The Marvelous Mrs. Maisel
Curb Your Enthusiasm
Unbreakable Kimmy Schmidt
I had an interesting conversation once about the illegal downloading of movies, shows and music.
This person was applying the generalized stereotype that all young people today want everything for free. In political discussion I’ve given myself a rule to avoid generalizations: I believe grouping people together lacks the nuance of the stereotype to begin with. Also, had the ability to download movies illegal happened 100 years ago, the result would’ve likely remained the same.
I try to avoid generalizations the same way I try to avoid absolutisms. I aim to remove “always” and “never” from my vocabulary since they are always exaggerations. If I were to engage a republican citizen by saying “All republicans want…” then I endanger my potential connection to this person with varying opinions.
People don’t appreciate being lumped into categories because we all believe we are complex individuals. So when the topic of “MoviePass” comes up I’ll avoid saying “It will never succeed” even as their stock prices plummet and the keep hemorrhaging money.
I’m a huge supporter of MoviePass and I believe their business model is incredibly risky, but has the potential to succeed. I’m eagerly anticipating the numbers in movie theater attendance when compared to last year when summer films had the lowest box office since 2006.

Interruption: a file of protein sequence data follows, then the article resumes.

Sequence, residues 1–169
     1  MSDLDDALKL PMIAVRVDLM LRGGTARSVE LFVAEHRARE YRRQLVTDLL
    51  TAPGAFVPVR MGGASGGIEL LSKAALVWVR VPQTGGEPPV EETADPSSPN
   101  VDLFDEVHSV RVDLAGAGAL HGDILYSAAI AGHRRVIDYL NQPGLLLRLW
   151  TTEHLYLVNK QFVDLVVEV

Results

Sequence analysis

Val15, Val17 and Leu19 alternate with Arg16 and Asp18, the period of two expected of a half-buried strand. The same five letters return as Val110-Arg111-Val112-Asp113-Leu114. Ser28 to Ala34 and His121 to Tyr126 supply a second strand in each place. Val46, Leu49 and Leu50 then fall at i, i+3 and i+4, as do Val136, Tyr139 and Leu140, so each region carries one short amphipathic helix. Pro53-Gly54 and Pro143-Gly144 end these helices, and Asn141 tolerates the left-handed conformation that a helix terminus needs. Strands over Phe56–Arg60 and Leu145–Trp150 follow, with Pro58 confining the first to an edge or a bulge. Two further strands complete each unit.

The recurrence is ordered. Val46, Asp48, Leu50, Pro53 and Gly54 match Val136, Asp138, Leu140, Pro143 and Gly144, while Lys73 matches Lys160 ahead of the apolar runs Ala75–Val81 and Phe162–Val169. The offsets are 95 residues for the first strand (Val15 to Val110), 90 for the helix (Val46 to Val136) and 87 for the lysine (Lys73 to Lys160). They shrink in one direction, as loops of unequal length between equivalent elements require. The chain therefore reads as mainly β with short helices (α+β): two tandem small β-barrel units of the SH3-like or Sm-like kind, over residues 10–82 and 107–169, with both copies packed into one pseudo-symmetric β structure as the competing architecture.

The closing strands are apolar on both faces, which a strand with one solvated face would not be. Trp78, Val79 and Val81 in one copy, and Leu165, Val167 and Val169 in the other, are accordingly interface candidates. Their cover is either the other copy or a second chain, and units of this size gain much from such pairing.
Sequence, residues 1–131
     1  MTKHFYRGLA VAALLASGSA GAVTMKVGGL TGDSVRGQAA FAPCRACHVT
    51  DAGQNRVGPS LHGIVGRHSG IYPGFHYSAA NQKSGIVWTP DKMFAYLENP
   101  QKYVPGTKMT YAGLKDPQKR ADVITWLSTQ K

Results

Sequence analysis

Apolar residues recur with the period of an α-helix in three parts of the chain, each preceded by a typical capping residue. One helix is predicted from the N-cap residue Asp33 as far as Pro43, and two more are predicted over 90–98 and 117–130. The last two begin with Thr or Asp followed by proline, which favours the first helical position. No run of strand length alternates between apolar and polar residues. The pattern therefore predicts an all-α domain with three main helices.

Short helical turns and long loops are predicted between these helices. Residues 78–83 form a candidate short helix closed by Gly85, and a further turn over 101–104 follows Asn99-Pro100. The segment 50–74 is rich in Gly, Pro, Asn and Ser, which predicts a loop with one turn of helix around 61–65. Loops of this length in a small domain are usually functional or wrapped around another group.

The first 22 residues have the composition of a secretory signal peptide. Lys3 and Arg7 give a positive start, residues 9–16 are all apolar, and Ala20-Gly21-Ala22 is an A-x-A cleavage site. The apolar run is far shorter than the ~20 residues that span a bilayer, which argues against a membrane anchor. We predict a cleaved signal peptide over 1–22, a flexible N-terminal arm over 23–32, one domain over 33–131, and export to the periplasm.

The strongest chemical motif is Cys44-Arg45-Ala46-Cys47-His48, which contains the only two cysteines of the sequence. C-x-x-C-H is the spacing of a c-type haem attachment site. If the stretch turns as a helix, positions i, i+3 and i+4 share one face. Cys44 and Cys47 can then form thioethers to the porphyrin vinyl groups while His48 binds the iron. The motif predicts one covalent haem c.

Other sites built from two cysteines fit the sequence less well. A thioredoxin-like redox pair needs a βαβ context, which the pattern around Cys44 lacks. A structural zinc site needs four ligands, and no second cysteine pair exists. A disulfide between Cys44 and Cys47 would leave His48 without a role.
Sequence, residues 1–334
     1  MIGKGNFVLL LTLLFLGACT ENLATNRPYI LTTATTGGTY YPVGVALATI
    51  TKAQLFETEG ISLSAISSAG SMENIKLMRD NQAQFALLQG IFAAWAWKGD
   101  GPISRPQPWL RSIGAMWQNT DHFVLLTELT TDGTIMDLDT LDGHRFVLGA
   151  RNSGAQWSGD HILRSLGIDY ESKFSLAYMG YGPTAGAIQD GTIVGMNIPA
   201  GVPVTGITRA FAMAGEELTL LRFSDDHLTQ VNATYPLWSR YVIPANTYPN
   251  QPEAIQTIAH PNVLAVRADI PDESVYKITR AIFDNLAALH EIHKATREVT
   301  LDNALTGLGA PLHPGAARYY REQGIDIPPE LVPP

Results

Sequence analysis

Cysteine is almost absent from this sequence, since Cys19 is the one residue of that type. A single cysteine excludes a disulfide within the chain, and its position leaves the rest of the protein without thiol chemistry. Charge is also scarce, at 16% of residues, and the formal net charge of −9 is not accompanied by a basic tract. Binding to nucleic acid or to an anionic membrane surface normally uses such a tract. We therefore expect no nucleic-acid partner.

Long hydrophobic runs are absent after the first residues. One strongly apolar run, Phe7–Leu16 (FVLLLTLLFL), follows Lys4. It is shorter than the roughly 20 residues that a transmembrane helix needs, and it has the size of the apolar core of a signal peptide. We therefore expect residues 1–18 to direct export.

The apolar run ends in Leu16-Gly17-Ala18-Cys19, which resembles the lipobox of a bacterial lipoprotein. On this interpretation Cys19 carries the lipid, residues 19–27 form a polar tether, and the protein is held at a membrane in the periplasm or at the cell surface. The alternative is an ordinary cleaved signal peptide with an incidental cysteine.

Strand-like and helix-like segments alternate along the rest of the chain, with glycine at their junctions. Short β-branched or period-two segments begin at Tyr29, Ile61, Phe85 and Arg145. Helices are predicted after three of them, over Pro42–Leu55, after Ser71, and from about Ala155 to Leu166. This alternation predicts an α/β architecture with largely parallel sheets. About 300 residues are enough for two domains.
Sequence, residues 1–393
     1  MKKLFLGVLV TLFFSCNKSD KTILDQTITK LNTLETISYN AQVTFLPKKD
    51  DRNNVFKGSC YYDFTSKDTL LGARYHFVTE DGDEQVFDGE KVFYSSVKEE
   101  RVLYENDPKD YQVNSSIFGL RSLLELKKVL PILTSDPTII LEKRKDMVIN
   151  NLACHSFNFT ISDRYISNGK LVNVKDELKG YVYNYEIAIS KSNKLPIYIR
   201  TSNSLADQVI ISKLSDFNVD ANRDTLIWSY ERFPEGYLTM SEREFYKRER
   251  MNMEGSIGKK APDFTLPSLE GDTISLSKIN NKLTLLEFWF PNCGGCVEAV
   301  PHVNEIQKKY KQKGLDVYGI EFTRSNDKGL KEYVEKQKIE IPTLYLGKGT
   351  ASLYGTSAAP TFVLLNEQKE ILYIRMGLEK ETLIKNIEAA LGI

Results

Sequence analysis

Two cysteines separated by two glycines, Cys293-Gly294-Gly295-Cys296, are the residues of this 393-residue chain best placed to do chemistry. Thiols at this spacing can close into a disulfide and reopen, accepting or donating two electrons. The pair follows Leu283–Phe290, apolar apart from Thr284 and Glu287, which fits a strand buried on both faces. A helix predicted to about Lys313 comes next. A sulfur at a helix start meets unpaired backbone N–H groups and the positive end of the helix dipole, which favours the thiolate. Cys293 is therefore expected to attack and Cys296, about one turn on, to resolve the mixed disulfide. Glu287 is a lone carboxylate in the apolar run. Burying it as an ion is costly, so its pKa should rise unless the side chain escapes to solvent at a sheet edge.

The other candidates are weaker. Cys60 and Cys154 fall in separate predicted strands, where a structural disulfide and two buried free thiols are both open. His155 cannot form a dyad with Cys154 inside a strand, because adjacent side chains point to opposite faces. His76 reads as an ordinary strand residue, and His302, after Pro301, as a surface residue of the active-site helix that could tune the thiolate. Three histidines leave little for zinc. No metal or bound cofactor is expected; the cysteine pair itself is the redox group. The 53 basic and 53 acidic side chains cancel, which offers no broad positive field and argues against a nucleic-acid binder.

AMC announced their new premium plan recently at $20 a month. For those of us closer to an AMC theater and don’t like MoviePass’ new restrictions on re-viewings or multiple viewings, this may be enough to unsubscribe from MoviePass and try this new plan.
For this rest of us, MoviePass is still the most affordable option and the new restrictions aren’t nearly enough to urge us to leave them.
As I mentioned before, things aren’t looking good for MoviePass. But now, when/if they fall, we already have an alternative plan to subscribe to. If it holds out long enough, we may see Regal and other theater chains roll out competitive plans as well.
When music started being stolen regularly on the internet with the inventions of Napster and sharing programs like Limewire, we soon saw the music industry partner with Apple to find a more accessible way for users to buy music.
Now it’s much easier to just like a button in the iTunes app and pay $1.29 for a song you enjoy, than it is to download illegal copies. Not that illegally downloading music ever really had a significant impact on the music industry, but what it did do was encourage and inspire innovation in already established industries.
If MoviePass’ new plan had never existed, would we have got this new AMC deal?
Competition is the key ingredient in a capitalist society, right? However our movie, TV, and music industries become more and more monopolized each year and the lack of competition discourages this innovation.
Competition = Innovation.
MoviePass started competitive market in theater subscriptions services, they took a bold risk and I will likely fail, but it’s lasting impact will be worth so much to your average movie-goer for decades to come.